Optimize Data Maintenance For Quick And Easy Processes

Optimize Data Maintenance For Quick And Easy Processes

An ERP system including a database makes the processes in your company more transparent and efficient. This makes daily tasks much more straightforward – at least in theory. The exact opposite happens if you neglect data maintenance. The database forms the basis of the ERP software.

Master data, user information or actions are stored there. Over time, the database continues to grow and quickly becomes confusing. The IT infrastructure is responsible for this and is often not adopted in the course of this.

The result: reaction and loading times are getting longer, and queries take up a lot of time. In short, the performance of your software suffers. So what can you do to optimize data maintenance?

At the beginning of every attempt at an explanation, there is an interested person. According to the case that you are a die-hard connoisseur of ERP software, quasi an ERP sommelier, you can skip this blog post with a good feeling and concentrate on the next entry – or you can stay and get the daily portion of confirmation.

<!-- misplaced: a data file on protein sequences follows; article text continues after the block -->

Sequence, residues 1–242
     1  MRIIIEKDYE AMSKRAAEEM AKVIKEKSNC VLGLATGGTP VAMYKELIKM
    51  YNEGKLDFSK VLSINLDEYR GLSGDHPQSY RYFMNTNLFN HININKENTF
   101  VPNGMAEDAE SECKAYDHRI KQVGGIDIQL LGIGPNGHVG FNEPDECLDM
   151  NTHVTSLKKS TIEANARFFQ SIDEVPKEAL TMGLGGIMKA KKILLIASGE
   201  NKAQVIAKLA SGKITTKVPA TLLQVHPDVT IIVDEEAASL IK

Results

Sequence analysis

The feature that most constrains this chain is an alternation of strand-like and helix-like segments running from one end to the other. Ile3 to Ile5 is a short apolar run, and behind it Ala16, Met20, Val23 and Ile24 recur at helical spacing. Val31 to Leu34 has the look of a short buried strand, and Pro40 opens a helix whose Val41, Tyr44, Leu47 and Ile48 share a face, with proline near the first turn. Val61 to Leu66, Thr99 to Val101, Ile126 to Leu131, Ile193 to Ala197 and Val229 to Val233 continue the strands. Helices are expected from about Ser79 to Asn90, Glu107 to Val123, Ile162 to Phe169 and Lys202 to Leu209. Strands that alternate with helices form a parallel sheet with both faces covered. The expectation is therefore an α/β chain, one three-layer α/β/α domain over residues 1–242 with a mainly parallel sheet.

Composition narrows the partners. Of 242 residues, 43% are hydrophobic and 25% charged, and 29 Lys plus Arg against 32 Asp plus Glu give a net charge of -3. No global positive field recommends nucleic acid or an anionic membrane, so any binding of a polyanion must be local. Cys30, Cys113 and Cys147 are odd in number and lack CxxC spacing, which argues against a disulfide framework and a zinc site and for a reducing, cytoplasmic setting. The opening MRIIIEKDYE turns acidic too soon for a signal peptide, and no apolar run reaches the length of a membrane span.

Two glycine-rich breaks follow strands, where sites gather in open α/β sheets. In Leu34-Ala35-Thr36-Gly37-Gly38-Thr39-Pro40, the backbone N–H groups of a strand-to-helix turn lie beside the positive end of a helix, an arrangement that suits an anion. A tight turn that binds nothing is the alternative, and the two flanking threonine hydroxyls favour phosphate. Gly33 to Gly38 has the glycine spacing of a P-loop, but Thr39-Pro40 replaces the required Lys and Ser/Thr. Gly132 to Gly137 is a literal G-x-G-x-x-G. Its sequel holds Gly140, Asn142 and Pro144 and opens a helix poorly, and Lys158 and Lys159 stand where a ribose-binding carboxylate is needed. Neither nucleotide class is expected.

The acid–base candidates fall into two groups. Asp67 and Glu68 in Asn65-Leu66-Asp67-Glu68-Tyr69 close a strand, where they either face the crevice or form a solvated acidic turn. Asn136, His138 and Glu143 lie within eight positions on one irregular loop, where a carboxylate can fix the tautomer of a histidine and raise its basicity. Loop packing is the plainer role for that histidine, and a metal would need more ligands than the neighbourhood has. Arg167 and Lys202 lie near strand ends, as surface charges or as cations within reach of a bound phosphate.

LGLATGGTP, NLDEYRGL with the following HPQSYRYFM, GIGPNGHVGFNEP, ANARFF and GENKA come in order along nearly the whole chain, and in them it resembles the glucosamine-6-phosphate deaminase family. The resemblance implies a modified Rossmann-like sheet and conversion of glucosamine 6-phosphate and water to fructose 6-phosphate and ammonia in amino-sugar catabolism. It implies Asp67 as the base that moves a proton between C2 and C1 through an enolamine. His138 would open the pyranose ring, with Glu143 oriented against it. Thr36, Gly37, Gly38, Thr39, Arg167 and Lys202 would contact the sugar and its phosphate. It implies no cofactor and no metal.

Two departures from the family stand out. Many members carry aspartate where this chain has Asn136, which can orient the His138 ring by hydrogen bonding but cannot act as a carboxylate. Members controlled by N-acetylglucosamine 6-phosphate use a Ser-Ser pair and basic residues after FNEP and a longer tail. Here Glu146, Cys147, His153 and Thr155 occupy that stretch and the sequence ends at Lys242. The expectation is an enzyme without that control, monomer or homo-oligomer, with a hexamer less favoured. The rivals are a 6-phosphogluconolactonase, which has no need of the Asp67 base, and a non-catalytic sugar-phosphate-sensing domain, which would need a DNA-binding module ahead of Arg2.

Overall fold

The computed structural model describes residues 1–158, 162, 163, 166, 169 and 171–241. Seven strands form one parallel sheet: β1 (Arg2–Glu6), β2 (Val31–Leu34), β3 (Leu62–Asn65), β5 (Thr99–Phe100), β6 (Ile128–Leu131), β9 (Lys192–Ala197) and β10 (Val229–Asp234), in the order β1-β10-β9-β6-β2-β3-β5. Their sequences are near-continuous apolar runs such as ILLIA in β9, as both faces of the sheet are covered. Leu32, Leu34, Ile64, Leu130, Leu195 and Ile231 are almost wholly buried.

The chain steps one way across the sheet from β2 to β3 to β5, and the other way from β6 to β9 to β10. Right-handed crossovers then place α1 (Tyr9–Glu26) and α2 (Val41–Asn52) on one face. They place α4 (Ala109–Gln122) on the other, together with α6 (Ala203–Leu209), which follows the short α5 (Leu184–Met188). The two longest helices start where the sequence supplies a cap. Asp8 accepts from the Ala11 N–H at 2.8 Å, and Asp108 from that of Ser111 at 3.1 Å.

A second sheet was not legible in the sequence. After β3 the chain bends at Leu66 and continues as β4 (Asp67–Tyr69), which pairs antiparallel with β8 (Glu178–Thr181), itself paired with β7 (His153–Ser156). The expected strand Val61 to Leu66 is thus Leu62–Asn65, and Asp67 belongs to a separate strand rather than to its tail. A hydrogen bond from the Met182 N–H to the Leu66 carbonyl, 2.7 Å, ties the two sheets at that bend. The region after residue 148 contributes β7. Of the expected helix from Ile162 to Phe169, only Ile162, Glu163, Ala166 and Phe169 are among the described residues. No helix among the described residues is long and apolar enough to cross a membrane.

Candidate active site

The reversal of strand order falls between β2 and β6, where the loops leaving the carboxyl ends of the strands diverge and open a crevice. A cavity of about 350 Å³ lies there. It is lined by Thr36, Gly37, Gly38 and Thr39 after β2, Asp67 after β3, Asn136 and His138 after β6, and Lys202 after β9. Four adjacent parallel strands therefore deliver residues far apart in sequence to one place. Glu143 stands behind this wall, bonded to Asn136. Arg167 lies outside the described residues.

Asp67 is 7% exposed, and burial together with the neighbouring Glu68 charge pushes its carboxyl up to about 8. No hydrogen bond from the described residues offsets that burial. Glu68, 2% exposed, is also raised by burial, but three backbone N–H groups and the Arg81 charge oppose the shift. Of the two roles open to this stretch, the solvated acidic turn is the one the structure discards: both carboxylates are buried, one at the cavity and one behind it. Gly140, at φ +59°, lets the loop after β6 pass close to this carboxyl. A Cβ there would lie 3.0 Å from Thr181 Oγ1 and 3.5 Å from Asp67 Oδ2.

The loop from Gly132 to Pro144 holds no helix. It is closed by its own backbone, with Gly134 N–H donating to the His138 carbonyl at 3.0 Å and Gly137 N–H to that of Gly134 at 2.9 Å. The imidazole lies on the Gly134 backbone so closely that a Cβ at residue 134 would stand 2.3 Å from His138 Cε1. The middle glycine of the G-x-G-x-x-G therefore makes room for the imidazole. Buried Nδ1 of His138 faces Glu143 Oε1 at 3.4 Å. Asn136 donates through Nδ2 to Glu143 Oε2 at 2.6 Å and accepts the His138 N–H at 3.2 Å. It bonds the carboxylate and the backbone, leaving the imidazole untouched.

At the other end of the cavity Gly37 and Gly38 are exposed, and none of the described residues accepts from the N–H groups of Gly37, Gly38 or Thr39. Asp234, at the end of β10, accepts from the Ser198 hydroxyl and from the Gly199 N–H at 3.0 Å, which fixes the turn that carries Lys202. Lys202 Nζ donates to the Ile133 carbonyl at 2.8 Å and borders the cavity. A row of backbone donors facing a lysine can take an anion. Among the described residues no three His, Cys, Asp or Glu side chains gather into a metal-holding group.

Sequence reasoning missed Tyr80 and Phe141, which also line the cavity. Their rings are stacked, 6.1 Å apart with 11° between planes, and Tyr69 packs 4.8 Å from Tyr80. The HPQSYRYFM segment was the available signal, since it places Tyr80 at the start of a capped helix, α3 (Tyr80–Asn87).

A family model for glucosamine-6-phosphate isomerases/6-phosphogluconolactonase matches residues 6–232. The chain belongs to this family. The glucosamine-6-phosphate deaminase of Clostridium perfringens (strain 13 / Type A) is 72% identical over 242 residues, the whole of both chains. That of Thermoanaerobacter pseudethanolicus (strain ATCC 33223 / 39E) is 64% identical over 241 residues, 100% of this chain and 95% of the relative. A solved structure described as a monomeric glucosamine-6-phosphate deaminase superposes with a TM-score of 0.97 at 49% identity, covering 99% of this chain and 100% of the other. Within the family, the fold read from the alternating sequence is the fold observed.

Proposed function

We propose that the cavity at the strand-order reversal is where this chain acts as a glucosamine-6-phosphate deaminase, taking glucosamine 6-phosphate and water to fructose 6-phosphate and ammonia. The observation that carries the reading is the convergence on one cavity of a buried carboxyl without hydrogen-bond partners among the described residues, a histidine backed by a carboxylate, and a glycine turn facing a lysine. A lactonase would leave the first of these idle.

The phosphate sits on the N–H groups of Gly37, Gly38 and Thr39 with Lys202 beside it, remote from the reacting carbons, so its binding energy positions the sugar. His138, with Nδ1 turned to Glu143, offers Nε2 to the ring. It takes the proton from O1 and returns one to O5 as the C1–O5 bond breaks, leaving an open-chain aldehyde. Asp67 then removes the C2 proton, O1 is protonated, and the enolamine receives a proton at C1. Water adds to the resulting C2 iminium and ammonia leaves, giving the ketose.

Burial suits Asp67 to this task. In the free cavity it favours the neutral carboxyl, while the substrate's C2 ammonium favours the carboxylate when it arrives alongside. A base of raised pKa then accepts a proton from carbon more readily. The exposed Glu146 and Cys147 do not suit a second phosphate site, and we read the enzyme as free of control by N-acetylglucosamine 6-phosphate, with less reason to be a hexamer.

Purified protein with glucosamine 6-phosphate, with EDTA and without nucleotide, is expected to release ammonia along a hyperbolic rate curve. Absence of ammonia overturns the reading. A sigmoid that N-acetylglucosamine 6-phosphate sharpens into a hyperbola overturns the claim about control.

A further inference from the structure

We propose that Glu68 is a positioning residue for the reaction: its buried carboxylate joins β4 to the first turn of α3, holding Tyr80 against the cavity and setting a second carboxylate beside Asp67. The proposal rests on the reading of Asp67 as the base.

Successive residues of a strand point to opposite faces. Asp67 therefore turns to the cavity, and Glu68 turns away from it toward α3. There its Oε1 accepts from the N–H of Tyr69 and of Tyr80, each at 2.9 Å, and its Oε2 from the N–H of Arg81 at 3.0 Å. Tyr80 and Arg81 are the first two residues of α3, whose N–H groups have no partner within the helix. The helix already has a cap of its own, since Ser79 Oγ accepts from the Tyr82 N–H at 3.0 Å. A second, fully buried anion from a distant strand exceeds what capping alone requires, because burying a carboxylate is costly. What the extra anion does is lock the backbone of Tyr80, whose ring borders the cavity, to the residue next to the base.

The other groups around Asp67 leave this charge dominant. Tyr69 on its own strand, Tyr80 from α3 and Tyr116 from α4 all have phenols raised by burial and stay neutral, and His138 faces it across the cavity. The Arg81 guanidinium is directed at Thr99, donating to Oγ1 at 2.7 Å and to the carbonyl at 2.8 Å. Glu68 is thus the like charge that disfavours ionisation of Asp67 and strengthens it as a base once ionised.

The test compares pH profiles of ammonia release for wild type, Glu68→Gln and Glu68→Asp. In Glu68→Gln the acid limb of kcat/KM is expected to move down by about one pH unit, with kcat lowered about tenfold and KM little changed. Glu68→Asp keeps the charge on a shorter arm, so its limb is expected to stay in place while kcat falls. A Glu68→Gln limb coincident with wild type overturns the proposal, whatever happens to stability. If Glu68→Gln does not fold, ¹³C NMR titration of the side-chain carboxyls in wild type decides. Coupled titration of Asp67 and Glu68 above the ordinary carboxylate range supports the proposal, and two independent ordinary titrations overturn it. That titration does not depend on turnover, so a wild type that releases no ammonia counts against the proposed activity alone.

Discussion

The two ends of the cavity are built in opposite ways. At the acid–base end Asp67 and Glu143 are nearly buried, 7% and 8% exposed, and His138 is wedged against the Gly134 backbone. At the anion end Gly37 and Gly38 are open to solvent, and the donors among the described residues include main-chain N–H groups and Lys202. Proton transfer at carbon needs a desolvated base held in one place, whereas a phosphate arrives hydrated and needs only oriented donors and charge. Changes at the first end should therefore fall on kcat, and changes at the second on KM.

Time for a spring cleaning in the data maintenance

The performance of your software or technology is essential if you want to benefit from it. Many processes are now automated, so your data must be reliable to guarantee an error-free operation. So that you can benefit from the advantages of the system, your data should always be up-to-date and complete.

If the initial data structure is no longer sufficient, it is time for a spring cleaning on your server. So take your time to free it from the data chaos. Below are some tips for improving the quality of your data – and thus benefit from quick and easy processes again.

Establish criteria for data quality

To optimize data maintenance, you should define criteria in advance. In this way, incorrect information cannot arise in the first place. This enables you to check the data entry process and correct any deficiencies in existing data. These criteria can be used, for example:

completeness

  • A data set should, of course, always be complete – that is the prerequisite. This includes the customer number, name and place of residence.

Uniqueness

  • Can the data be interpreted?

Topicality